Towards the end, however, the other solicitor did something strange.

“I’m a left-hander and I was writing with a pen on paper,” she says. “He reached his hand out, sliding it along the edge of the table until it reached under my writing arm and he got very close to my left breast. And I froze. I instantly stopped writing, I thought… no. That can’t be. Then I looked at the barrister and she looked at me. When she wrapped up, she asked me to stay for a coffee. She had that look of alarm we women have with each other. I couldn’t stay; I shook my head and rode back in the cab with him.”

The incident prompted a lot of questions. Why did he come to the meeting? Why did he reach over her? Why did he invade her personal space? Why did he do it in full sight of her clients and her barrister? With the aid of retrospect, Grimshaw suspects it was a power move, meant to undermine her in front of the other parties and diminish her role in the conversation so he could look more important. Assuming that was the motivation for the behaviour, it leads to the next question. Why didn’t she report it?

“Who could I tell? It wasn’t covert – it was seen, clearly,” she tells LSJ. “But what would happen? He could easily dismiss it, say it wasn’t intended, say it was an accident. It’s just a little bit of side boob.”

‘A serious problem’

Though quite different in presentation, sexual harassment and bullying are often paired together in reports. Both use of words and actions to cause distress. Aggressors are typically people with more influence or power than the victim. Both behaviours belittle the victim. The behaviour can be insidious or obvious, as well as offensive, insulting, insulting, intimidating, embarrassing, and humiliating.

On the topic of sexual harassment, John McKenzie, the NSW Legal Services Commissioner, has made his perspective explicit. Another bombshell example that came to light in the period between publication of Us Too? and Beyond Us Too? is that of former High Court Justice Dyson Heydon, who was accused of sexually harassing six associates. In response, McKenzie issued a video statement in which he vowed to take a “zero tolerance” approach.

Today, two years after the accusations emerged and five months after the complainants were awarded a historic settlement, the video statement remains pinned to the homepage of the Commissioner’s website, relevant as ever. But, despite robust support from the Commissioner’s office, numbers of reports of this type of behaviour remain very low.

“Sexual harassment is prevalent within the profession, but the number of formal complaints received by regulators is miniscule,” McKenzie says. “The profession has a culture of hierarchical power which serves many aspects of the rule of law and case precedent; however, it lends itself to abuse by the unscrupulous, especially those in positions of power.”

How do we address this scourge of inappropriate behaviour within our profession? There is no one answer, no silver bullet.

‘How dare you’

On the topic of bullying, 47 per cent of the respondents in the Beyond Us Too? report said they had brought disciplinary proceedings against a member of the profession for this type of behaviour. However, the reality is that it often flies under the radar until the workplace becomes intolerable.

Chloe* came to the law as a mature-age student, and she says her background in business consultancy made her aware of bullying right from the start. There was nothing too bad at first, she says, just some behaviour that went “a little bit beyond friendly competition”. As her career progressed, however, she saw senior lawyers slam doors, scream at staff, and give the silent treatment for days at a time.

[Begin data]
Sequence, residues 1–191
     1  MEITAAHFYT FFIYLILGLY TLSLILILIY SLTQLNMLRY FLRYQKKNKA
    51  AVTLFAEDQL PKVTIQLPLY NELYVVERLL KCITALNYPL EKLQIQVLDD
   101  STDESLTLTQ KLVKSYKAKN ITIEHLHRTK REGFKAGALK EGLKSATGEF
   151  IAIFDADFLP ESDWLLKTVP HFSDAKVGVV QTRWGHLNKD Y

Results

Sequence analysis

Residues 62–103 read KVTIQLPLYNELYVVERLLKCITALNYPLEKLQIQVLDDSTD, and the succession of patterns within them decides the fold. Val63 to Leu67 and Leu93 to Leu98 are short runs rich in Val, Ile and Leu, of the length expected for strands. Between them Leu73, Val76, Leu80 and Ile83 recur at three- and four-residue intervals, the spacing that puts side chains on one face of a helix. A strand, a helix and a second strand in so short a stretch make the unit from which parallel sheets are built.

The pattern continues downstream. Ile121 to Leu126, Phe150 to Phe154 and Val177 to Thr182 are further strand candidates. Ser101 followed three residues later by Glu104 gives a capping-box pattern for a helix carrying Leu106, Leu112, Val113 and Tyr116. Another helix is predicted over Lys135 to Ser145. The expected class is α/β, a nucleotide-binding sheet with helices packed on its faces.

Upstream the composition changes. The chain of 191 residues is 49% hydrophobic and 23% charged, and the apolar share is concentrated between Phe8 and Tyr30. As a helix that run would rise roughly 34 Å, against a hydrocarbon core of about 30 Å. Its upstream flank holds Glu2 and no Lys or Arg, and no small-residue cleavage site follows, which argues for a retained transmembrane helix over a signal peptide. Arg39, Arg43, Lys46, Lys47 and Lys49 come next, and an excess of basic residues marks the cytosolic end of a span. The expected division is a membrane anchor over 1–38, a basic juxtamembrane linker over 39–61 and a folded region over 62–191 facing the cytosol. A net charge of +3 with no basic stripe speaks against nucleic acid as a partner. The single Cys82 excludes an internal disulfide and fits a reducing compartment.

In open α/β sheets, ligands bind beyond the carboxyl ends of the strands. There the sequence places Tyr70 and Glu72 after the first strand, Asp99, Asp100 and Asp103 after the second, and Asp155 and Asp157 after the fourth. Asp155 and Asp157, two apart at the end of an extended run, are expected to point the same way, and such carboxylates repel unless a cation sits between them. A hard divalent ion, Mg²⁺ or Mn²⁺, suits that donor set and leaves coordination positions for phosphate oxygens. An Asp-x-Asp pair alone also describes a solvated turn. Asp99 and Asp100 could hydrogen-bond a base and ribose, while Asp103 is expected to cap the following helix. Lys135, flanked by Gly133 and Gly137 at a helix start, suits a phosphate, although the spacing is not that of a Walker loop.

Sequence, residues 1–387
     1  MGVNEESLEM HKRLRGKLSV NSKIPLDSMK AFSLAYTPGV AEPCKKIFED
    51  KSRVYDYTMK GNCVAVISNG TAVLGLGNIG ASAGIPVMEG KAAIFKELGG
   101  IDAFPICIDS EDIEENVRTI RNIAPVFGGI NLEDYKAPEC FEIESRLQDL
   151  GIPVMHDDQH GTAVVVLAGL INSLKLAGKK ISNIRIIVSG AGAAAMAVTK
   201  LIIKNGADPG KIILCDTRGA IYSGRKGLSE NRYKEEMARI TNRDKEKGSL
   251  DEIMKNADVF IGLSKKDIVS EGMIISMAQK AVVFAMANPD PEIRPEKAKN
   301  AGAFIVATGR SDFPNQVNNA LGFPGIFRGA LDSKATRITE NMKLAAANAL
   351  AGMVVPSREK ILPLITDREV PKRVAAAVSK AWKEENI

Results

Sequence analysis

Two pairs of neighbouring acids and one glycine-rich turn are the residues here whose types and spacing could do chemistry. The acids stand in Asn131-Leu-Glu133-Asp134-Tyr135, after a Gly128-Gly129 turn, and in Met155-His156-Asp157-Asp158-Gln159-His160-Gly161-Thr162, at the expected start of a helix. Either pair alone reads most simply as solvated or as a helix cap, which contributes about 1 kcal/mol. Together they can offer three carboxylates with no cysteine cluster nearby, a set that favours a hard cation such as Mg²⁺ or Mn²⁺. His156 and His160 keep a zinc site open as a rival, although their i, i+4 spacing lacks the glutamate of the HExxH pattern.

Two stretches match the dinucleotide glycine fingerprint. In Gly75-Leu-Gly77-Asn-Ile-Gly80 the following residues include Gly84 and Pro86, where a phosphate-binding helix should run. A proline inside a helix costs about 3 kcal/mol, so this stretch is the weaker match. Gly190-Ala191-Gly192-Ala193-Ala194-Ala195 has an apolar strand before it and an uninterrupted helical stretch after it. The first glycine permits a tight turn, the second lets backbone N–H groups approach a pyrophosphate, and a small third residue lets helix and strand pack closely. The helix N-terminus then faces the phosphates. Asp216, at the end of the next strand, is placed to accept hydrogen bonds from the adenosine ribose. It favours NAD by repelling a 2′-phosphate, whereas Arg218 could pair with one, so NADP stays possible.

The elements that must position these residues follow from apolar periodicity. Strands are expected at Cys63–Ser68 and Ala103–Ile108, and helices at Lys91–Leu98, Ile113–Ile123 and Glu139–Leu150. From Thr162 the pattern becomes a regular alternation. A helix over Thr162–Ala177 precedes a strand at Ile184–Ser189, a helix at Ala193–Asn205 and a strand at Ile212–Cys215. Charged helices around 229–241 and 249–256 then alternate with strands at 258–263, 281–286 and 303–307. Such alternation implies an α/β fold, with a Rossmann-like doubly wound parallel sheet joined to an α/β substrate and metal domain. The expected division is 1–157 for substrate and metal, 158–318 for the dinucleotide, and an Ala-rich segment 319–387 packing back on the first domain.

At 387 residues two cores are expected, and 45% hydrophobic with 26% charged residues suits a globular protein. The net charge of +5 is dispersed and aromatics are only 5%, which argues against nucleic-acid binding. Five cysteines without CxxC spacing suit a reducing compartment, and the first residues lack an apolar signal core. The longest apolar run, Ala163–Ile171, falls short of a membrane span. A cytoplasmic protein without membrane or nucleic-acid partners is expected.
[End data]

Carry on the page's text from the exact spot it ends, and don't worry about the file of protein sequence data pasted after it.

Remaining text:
One day, while practising in regional NSW, she wore it personally. Jennings is a single mum and her son – who was then in school – has special needs. She was in a meeting when an issue arose at his school that urgently required her attention. When she returned to her desk, the secretary was on the edge of her seat, having fielded five calls from the school saying her son was extremely distressed.

“I asked why she didn’t come and get me, and she said [another solicitor] refused to let her interrupt the interview,” she recalls. “[The other solicitor] then came out of her office and berated me for wasting the staff’s time with school issues. This was all in public.”

“It’s easy for me to say now, but no job is worth your mental health,” she says. “I was miserable, I knew it was a problem. I had the ability to walk away, and I did.”

Missing puzzle pieces

Beyond Us Too? focuses solely on the subject of regulation, which is just one part of the jigsaw required to create systemic and lasting change. The reality is that it’s a complex and multifaceted process. It’s one thing to regulate behaviour and discipline perpetrators; it’s another thing entirely to support the victims. Both are critical to creating and maintaining a healthy professional environment in which lawyers thrive.

Marguerite Picard, a family lawyer with 30 years of experience, runs Support for Lawyers, a confidential mental health and wellbeing service for people in the legal profession, aimed at knocking down barriers to access by providing confidential services lawyers can access online outside of normal working hours.

“Lawyers often suffer in private,” she says. “But they are suffering because of the systems in which they work … It’s because of the business in which they operate, the legal system itself, and the industry.”

‘No silver bullet’

Pender’s report makes a number of recommendations. These include providing clarity around the nature and scope of regulations, reducing barriers for victims by creating innovative and supportive reporting channels, designing disciplinary processes and sanctions that minimise compounding trauma, and collaborating with all stakeholders. The goal, he says, is to create a holistic and long-term approach.

“There is no place for bullying or sexual harassment in the legal profession. That much is undisputed,” he writes. “However, we know, anecdotally and empirically, that bullying and sexual harassment remain widespread within legal workplaces. Accordingly, the question becomes: how do we address this scourge of inappropriate behaviour within our profession? There is no one answer, no silver bullet.”

NSW solicitors can access up to three counselling sessions per financial year via the Solicitor Outreach Service (SOS) on 1800 592 296, paid for by the Law Society of NSW. This includes 24/7 telephone counselling with a psychologist if you are in crisis or distress. If you or anyone you know needs support call Lifeline on 131 114,
If your life, or someone else’s, is in danger, phone 000 immediately.